Department of Psychology

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Florence Snodgrass, Head of the Department of Psychology from 1950 - 1967. UA PC 1; no. 49.
Previously named: Education and Psychology; Psychology and Sociology

Established: 1967

History: As early as 1870, Psychology was first mentioned in a UNB academic calendar when Cousin's Psychology was listed as a book for senior honours students. Psychology was also studied in the form of Plato and Aristotle under the heading of Mental and Moral Philosophy, which was associated with a number of other disciplines over time. The study of the Greek philosophers and their theories on Psychology was a mandatory part of the third year of a Bachelor of Arts degree. Starting in 1891, Clark Murray's Psychology and James' Psychology became mandatory components of the second and third year curriculum at UNB, though still falling under their already established department of Mental and Moral Philosophy and Political Economy. Over the next forty years, Psychology continued to be studied under the heading of Philosophy as a mandatory subject of study for students enrolled in the Bachelor of Arts program.

In the 1939 calendar, Psychology was included on the Course of Study for a Bachelor of Arts list for the first time, but consisted of a single elective course for students in second, third, or fourth year. This continued until the 1945-46 academic year when the study of Psychology, while still falling under the Department of Philosophy, was expanded from one elective course to five. The following academic year, Psychology was listed in the name of a department for the first time as the Department of Education and Psychology, continuing to offer five elective courses. This remained the same until 1950, when Psychology was separated from Education and the discipline of Sociology was elevated to departmental status to create the Department of Psychology and Sociology and eleven courses in Psychology were offered as electives to second, third, and fourth year students. While the two disciplines remained connected they grew very slowly and by the 1966-1967 academic year there were sixteen Psychology courses offered. However, the next year Psychology was separated from Sociology and given its own independent chair and the department grew steadily to twenty six courses in 1970 and to fifty-four by 1980. The department has continued to increase its offerings as the years have passed, offering sixty-six courses by the year 2000; however, the size of the department has remained relatively static since and sixty-one courses were offered in the 2012-2013 academic calendar.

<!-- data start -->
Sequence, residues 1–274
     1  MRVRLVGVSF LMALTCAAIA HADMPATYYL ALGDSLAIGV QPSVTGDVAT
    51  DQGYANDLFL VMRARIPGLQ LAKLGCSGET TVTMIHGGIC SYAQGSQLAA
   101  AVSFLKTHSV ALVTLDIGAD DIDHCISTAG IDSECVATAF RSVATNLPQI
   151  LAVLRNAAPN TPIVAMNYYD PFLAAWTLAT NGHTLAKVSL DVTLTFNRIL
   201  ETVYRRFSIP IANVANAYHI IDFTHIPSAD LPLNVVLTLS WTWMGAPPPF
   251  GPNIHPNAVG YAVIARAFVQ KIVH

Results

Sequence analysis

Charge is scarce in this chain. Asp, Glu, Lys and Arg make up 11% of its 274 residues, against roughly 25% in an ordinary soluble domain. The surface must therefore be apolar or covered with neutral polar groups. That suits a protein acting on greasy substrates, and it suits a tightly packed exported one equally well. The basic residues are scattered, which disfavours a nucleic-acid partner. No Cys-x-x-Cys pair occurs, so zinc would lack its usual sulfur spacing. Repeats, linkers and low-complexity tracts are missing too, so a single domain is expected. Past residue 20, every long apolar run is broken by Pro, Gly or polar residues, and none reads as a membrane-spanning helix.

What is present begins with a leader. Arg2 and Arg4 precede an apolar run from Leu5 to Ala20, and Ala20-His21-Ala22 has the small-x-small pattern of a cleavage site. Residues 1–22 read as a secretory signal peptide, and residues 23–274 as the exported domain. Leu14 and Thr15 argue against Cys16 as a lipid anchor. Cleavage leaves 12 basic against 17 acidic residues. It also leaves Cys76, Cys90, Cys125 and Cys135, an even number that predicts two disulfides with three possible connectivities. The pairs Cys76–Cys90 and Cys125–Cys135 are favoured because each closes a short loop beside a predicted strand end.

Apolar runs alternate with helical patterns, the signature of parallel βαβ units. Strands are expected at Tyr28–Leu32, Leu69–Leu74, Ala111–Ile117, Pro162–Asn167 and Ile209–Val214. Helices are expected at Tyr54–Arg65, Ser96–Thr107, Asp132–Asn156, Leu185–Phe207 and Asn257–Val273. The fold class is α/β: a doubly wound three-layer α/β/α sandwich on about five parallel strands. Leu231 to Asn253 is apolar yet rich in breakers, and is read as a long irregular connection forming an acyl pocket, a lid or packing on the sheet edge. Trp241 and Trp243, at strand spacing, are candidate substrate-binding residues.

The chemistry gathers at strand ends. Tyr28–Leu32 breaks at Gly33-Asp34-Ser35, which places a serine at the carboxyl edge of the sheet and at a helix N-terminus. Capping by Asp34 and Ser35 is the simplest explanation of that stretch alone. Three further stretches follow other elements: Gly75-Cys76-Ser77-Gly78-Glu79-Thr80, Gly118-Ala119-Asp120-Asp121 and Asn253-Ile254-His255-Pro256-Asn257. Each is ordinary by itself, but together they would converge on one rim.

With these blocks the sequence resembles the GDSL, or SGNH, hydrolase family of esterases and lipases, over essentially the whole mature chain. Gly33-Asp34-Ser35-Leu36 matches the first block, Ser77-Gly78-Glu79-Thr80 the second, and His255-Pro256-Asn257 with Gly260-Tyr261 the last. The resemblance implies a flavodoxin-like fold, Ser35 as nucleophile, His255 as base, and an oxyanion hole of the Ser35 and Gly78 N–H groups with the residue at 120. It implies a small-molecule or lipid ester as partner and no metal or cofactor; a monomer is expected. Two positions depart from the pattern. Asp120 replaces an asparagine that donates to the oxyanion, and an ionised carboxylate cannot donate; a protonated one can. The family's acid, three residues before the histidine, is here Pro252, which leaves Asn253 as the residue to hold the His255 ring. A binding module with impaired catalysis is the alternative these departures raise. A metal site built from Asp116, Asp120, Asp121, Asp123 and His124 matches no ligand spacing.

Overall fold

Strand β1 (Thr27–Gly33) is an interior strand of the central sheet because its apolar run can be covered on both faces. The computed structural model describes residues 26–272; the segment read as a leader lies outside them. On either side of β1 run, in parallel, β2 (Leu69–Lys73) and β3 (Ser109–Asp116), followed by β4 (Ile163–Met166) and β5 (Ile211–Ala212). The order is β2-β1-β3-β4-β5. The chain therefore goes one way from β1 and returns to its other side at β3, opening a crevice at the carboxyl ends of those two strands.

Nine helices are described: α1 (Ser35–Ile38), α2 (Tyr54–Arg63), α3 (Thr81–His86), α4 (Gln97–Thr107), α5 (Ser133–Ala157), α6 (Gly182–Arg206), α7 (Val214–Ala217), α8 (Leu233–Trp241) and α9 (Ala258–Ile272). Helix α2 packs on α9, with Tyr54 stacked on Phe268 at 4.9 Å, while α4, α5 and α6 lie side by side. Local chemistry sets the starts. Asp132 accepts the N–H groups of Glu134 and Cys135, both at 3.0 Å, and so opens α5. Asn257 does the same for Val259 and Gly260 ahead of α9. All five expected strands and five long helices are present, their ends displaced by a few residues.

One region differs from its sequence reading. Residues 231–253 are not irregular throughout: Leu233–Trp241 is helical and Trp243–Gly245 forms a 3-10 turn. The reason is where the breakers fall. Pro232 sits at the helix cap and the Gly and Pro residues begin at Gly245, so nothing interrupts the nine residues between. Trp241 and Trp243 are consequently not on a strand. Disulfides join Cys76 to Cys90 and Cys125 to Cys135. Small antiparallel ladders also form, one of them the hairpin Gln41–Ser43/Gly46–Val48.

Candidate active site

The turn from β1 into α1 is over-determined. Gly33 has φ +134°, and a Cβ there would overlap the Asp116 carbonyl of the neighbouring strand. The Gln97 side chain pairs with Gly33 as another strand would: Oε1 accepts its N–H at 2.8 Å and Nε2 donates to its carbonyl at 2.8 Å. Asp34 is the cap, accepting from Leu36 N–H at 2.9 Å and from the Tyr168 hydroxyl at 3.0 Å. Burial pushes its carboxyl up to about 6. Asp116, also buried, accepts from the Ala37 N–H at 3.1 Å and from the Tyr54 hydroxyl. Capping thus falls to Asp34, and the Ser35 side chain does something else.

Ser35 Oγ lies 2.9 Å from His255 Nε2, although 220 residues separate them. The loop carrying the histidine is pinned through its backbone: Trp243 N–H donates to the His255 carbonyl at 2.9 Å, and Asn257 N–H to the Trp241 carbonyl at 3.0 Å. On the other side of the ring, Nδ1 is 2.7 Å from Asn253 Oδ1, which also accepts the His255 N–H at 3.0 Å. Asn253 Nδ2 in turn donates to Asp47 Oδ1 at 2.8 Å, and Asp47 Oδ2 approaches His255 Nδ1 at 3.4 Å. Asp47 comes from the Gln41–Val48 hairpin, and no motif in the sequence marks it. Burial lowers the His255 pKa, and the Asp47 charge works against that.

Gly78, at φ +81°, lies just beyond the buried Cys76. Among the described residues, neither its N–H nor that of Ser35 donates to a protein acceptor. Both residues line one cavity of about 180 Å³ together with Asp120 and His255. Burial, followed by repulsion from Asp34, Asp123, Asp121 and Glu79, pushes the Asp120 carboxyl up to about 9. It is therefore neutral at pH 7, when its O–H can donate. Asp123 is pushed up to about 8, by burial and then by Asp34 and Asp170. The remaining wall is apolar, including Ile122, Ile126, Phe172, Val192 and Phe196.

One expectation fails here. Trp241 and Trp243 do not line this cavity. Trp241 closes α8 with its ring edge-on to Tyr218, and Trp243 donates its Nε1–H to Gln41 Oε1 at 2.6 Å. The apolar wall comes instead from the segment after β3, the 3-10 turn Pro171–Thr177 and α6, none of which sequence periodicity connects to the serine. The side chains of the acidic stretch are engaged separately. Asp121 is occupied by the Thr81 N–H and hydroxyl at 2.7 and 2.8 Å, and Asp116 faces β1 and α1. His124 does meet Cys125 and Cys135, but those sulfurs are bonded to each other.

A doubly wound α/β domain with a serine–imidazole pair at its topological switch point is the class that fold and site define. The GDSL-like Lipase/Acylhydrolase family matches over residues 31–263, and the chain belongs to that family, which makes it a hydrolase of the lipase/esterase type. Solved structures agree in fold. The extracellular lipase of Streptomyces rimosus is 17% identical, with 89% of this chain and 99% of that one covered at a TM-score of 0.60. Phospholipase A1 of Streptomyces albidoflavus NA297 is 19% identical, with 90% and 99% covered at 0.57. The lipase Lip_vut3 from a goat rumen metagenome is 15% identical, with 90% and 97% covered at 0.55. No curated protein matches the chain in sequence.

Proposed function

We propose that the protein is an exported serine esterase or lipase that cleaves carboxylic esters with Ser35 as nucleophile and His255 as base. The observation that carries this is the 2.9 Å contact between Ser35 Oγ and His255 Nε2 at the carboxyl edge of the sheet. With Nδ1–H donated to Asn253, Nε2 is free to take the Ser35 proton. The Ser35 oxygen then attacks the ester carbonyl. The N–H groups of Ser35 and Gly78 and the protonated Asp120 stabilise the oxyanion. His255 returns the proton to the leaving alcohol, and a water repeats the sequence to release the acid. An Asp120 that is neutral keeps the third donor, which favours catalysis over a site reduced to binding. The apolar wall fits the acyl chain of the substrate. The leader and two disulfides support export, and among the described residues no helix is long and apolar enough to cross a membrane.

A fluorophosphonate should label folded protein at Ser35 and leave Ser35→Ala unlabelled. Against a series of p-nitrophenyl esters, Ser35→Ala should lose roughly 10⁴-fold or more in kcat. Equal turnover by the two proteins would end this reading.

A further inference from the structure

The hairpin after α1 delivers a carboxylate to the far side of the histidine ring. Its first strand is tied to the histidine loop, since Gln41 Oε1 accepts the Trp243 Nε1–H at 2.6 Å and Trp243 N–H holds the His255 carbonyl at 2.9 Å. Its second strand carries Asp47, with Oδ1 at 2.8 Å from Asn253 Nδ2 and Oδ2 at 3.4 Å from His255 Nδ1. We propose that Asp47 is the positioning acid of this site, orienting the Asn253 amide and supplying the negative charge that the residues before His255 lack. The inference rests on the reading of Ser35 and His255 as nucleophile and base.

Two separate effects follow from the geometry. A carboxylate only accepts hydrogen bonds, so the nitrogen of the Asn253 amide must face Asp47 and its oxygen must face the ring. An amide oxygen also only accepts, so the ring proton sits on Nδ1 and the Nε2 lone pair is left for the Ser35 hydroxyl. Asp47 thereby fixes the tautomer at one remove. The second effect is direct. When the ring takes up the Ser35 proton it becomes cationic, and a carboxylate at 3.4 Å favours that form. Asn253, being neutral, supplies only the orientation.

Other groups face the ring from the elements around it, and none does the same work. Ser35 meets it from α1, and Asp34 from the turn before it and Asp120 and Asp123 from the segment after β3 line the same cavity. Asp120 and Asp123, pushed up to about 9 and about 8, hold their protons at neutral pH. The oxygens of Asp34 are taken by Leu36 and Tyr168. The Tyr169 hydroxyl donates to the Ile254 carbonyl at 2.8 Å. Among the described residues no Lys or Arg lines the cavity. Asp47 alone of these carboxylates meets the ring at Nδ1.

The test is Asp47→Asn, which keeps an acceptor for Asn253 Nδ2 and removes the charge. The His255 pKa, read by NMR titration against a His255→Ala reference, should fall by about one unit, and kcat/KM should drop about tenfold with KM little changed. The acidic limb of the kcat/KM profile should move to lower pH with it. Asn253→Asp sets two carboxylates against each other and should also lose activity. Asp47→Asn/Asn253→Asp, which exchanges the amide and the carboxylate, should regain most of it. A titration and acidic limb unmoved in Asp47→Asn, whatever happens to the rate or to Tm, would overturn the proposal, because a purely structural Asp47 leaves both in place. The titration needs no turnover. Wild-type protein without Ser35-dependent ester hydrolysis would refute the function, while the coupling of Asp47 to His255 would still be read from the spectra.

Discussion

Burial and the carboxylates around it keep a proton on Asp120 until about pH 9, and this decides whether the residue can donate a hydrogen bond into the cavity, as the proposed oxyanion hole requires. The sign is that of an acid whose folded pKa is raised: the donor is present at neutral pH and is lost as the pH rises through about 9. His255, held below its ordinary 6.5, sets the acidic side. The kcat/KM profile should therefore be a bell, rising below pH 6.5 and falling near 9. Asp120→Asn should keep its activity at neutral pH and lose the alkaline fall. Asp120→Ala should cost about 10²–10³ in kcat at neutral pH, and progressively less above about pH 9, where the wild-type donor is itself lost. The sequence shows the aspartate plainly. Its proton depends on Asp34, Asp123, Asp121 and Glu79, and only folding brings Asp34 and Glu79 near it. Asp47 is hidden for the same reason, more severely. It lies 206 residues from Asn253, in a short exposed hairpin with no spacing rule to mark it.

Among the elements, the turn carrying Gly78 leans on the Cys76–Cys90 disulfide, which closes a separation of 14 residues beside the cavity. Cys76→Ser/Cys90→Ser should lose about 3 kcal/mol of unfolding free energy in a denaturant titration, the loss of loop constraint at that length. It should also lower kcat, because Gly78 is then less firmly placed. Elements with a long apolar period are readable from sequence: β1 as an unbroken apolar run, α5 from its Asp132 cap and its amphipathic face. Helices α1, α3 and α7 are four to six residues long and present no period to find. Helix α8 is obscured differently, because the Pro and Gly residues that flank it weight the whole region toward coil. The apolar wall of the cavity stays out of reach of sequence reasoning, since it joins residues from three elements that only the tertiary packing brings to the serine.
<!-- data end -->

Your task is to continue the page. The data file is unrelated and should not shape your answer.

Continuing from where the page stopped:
Physical location: Keirstead Hall

Faculty: Arts

Notes: The year that a certain department was established can be a subjective figure. For the purpose of this wiki, the year that a department is considered first established is the first year it was listed in the academic calendar as an independent chair with no other affiliation, unless there is documentation to demonstrate otherwise.

Source(s):

  • UNB Calendars (UA RG 86), 1880,1883, 1886, 1890-1893, 1900, 1910, 1920, 1939, 1946, 1950, 1967, 1968, 1970, 1980


--TonyGoss 6 March 2013 (ADT)
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